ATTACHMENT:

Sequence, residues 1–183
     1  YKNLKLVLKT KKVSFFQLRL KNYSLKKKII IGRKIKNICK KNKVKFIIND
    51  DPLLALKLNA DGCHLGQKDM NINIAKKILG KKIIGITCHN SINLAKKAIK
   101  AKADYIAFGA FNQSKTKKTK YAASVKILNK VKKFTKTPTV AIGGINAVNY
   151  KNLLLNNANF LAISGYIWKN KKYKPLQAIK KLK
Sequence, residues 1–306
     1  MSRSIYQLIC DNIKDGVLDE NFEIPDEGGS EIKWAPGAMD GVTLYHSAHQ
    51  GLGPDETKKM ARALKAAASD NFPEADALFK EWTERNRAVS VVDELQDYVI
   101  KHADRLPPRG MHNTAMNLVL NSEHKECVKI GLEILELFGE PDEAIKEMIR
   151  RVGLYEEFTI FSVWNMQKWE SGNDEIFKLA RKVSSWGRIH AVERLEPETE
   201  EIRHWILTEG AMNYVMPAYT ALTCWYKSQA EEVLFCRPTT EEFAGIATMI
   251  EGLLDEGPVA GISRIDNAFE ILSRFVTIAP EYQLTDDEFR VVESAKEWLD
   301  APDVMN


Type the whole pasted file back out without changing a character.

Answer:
Sequence, residues 1–183
     1  YKNLKLVLKT KKVSFFQLRL KNYSLKKKII IGRKIKNICK KNKVKFIIND
    51  DPLLALKLNA DGCHLGQKDM NINIAKKILG KKIIGITCHN SINLAKKAIK
   101  AKADYIAFGA FNQSKTKKTK YAASVKILNK VKKFTKTPTV AIGGINAVNY
   151  KNLLLNNANF LAISGYIWKN KKYKPLQAIK KLK
Sequence, residues 1–306
     1  MSRSIYQLIC DNIKDGVLDE NFEIPDEGGS EIKWAPGAMD GVTLYHSAHQ
    51  GLGPDETKKM ARALKAAASD NFPEADALFK EWTERNRAVS VVDELQDYVI
   101  KHADRLPPRG MHNTAMNLVL NSEHKECVKI GLEILELFGE PDEAIKEMIR
   151  RVGLYEEFTI FSVWNMQKWE SGNDEIFKLA RKVSSWGRIH AVERLEPETE
   201  EIRHWILTEG AMNYVMPAYT ALTCWYKSQA EEVLFCRPTT EEFAGIATMI
   251  EGLLDEGPVA GISRIDNAFE ILSRFVTIAP EYQLTDDEFR VVESAKEWLD
   301  APDVMN